What is a Photon?

A photon is the carrier of the electromagnetic force and is the quantum form of all electromagnetic radiation. This includes, light, radio waves, microwaves, X-rays, gamma rays and more. The most common to humans is visible light, which we detect with the retinas in our eyes. However, if our eyes were tuned to radio waves we’d be able to see FM and AM radio waves, responsible for audio, travel throughout the air. Light, radio waves and the aforementioned wave types are based upon the same electromagnetic wave, but each one occurs at different frequency ranges. The complete electromagnetic spectrum is found below.

Electromagnetic spectrum

Electromagnetic Spectrum

The photon is said to be in ‘quantum form’ because the electromagnetic wave is not a continuous wave. It is made of discrete parts, called photons. This became apparent in the late 1800s during an experiment called the photoelectric effect.


  • Why do photons have energy but not mass, yet particles have both energy and mass?
  • How can photons create matter out of nothing in a process called pair production?




In energy wave theory, a photon is generated by the vibration of particles, traveling perpendicular to the direction of vibration.

Photon Creation


In the particles section, particles were described as waves of energy, creating standing waves from in-waves and out-waves. The out-waves of these particles are longitudinal waves, but when a particle vibrates, it also creates a secondary, transverse wave. A faster vibration causes a photon with a shorter wavelength and greater energy and a slower vibration causes a photon with a longer wavelength and lower energy.  This results in the different types of waves seen in the electromagnetic spectrum (e.g. x-rays versus radio waves).

animated photon creation process from particle vibration

The photon is typically described as an electromagnetic (EM) wave, such as the image below.  These are the two components of the wave (longitudinal and transverse).  Longitudinal waves always flow from particles, causing an electric field even when a particle is not in motion. When a particle is in motion, spinning or vibrating, the transverse wave is seen as the magnetic field.


EM wave of the photon



Photon Creation and Absorption

There are a handful of different ways that photons are both created by particles and absorbed by particles. But in all cases, it is a change of wave forms between longitudinal wave energy and transverse energy and vice versa.  Unlike a particle which has wave centers that create standing, longitudinal waves measured as mass, the photon is a packet of traveling waves.  Therefore, it has energy but not mass.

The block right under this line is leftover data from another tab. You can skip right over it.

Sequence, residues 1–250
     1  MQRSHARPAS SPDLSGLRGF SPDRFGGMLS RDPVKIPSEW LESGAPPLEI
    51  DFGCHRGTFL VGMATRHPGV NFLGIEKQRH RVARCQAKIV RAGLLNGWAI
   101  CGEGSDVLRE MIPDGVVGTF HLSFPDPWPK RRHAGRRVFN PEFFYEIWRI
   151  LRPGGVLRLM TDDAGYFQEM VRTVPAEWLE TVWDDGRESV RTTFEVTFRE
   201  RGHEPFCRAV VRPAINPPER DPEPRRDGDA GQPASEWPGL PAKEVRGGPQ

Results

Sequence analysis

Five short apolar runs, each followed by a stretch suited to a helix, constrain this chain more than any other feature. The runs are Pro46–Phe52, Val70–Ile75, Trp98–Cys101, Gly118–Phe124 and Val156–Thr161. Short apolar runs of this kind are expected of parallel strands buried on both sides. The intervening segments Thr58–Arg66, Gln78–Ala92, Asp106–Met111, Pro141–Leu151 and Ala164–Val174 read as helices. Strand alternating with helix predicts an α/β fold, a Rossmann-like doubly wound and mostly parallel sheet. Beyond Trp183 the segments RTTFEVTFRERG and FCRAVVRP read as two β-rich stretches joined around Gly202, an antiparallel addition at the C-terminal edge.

Waves may change forms, but they will be in full compliance with the conservation of energy:

  • Longitudinal to Transverse – photon creation seen in emission from atoms (spontaneous and stimulated) and from particle annihilation
  • Transverse to Longitudinal – photon absorption seen in electrons changing orbitals in an atom, being ionized from an atom, or the creation of a particle and antiparticle in the pair production process.

The detailed processes and explanation for these photon interactions is found on this page.


Where is the Proof?

Photon wavelengths and energies were calculated using the transverse equations. The equations for wavelength and energy were derived from the same energy wave equation as longitudinal energy for particles, which connects particles and photons and how they can transfer energy from one form to another (transverse to longitudinal and vice versa). The calculations include the following:

  • Calculations
    • Calculations of hydrogen photon wavelengths for ionization and orbital transitions
    • Calculations of 250+ photon energies for ionization of hydrogen to calcium (neutral and ionized elements).
    • Calculations of the conversion of particle energy to photon energy for annihilation, orbital transitions and ionization
  • Explanations
    • An explanation for the photoelectric effect and other photon creation and absorption processes matching experimental observations, including particle annihilation, pair production, Compton scattering and orbital transitions.